It is clear today that Russian military staffs on orders from the Kremlin preplanned the invasion of Georgia in August under the cover of military exercises Kavkaz-2008. In addition, massive strategic reinforcements were mobilized for a possible escalation of hostilities in case Washington offered Tbilisi assistance and became directly involved in the fray. It seems that in August-September 2008 we were, as during the Cold War, once again close to a possible armed conflict. Today the massive Russian military potential, mobilized for possible all-out war that did not happen, is being used in the Stability-2008 exercises.

This week Medvedev told top military commanders in the Kremlin that outside hostile forces “will not forgive” Russia’s actions against Georgia, “but we must not be distressed; this was expected.” Medvedev believes, “Russia must be big and strong, or it will not exit at all” and greedy foreigners will grab its riches. “The old world order was shattered in August,” Medvedev told his military chiefs. “A new one is emerging more secure and just,” based on Russian actions in Georgia (www.kremlin.ru, September 30). The new brave world has arrived, according to the Kremlin. Russia needs new nukes and air superiority to survive “big and strong.”

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3 responses to “Felgenhauer on the new Cold War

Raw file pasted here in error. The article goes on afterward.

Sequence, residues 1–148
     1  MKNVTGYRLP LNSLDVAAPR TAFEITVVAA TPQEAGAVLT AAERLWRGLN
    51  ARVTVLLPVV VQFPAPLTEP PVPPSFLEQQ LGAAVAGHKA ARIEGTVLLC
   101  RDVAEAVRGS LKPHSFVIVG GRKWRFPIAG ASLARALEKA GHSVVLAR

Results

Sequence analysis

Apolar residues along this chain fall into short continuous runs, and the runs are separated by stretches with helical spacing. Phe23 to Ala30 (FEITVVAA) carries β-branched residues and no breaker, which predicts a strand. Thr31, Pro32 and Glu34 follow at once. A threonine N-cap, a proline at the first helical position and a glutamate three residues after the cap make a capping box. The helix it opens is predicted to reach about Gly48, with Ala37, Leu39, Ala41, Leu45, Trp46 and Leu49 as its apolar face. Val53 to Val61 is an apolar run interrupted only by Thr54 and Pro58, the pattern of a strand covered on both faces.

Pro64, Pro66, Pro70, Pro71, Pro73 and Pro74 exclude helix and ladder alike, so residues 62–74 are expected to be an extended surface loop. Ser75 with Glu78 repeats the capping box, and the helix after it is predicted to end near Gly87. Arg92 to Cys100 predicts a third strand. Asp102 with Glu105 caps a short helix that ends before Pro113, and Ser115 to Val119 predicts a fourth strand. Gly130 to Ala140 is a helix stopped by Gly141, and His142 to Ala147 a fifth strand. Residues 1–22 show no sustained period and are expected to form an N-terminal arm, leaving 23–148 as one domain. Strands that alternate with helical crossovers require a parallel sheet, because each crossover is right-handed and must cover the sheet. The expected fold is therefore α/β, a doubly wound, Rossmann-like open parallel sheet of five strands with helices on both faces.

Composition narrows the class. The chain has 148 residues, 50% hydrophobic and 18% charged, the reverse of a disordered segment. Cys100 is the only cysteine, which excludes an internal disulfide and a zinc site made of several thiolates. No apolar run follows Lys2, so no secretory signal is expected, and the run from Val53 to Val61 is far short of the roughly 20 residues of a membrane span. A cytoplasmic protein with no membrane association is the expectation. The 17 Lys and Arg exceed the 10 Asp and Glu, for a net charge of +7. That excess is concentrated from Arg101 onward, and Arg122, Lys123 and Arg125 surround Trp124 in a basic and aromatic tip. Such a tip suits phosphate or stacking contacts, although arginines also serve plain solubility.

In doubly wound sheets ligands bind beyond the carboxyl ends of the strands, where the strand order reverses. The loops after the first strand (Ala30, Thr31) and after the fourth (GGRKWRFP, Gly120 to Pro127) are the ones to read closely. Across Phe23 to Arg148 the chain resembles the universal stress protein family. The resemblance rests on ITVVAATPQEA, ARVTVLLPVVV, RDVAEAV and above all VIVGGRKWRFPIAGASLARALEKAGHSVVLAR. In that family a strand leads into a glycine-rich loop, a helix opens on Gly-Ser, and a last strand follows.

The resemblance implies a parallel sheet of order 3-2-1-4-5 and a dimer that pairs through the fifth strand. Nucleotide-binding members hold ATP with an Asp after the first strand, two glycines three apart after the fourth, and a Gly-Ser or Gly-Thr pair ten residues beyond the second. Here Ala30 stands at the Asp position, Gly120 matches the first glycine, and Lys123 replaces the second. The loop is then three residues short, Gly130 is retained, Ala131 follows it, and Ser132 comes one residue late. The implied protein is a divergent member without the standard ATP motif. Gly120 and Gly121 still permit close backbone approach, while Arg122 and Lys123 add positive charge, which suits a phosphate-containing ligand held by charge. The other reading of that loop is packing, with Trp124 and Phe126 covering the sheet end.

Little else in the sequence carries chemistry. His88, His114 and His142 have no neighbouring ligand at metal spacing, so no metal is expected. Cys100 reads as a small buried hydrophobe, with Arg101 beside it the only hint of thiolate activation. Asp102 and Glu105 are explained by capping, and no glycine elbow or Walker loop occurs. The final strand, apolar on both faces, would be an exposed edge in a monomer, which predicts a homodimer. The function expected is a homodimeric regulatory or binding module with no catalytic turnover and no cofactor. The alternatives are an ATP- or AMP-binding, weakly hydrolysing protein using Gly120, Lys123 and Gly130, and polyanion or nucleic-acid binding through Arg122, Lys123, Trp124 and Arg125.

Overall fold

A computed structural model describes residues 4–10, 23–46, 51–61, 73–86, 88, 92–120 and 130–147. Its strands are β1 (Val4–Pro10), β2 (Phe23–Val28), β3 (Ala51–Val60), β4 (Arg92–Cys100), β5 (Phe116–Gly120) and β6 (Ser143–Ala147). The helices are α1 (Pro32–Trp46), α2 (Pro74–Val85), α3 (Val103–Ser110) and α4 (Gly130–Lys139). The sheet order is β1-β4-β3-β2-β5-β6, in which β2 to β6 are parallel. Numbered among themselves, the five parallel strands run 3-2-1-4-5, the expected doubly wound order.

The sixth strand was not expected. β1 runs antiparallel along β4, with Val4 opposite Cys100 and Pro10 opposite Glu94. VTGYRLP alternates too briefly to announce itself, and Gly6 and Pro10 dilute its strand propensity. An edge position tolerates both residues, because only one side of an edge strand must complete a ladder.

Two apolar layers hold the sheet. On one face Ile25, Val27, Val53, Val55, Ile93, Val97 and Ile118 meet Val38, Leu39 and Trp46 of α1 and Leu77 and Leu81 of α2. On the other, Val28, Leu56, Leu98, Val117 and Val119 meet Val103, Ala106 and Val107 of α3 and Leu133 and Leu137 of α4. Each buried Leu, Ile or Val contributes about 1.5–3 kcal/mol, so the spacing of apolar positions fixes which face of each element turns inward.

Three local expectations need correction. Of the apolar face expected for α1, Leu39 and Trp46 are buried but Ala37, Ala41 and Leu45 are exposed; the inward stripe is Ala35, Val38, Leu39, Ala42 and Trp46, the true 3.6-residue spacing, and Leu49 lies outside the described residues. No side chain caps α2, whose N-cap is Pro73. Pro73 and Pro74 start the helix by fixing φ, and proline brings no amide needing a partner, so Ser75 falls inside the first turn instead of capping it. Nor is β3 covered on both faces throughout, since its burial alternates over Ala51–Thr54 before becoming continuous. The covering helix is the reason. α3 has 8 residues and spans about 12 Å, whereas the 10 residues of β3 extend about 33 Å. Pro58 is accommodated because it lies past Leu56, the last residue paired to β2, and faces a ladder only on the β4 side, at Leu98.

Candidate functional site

1. Cluebat from Exodar

    It is clear that Russia has launched the aggression in Georgia under the cover of military exercises.

    Accordingly all Russian military exercises should be considered as threatening and responded to with defensive maneuvers of our own. Including false or cancelled manuevers which would put a strain on their treasury.

    It is expensive to move military assets around.

  2. Radio Free Europe had an interesting article: “NATO Commander Seeks Defense Plans For Baltic States ” (source: http://www.rferl.org/content/Article/1294790.html). At least the generals understood the danger and want to plan accordingly. However, this request has once again demonstrated the divide in Europe and NATO:

    “The United States and Britain strongly back contingency plans for the Baltic countries. A senior U.S. official said in Brussels on October 7 that NATO must carry on with its “day-to-day” activities — including contingency planning.

    The British “Daily Telegraph,” which first broke the story, says Craddock recommends that Estonia, with its large Russian-speaking minority and increasingly fraught relationship with Moscow, be the first Baltic beneficiary of a NATO military risk-assessment study.

    But many continental European allies, led by France and Germany, feel any such move would threaten open confrontation with Russia.”

  3. Here is something to think about. The Russians have been crying that they do not want another Cold War. However, they send warships into the Caribbean, which they know is and has been a red line for the US, under the guise of exercising with Chavez. At the same time, they also claim that these maneuvers are NOT a response to US delivering humanitarian aid to Georgia via the Black Sea. So, if we are to take the Russians at their word (work with me on this), that means they planned to send warships into the Caribbean (something they have not done since the Cold War) about a year before the entire Georgia crisis kicked off and before all the Cold War talk started. They were planning to poke the US not as a reaction to something we did, but as a provocative act that would certainly be seen as hostile. Remember, according to the Russians, all this was planned before any crisis in Georgia. Either that, or the Russians have proven that they are liars once again. Either way, the truth about Russia is evident.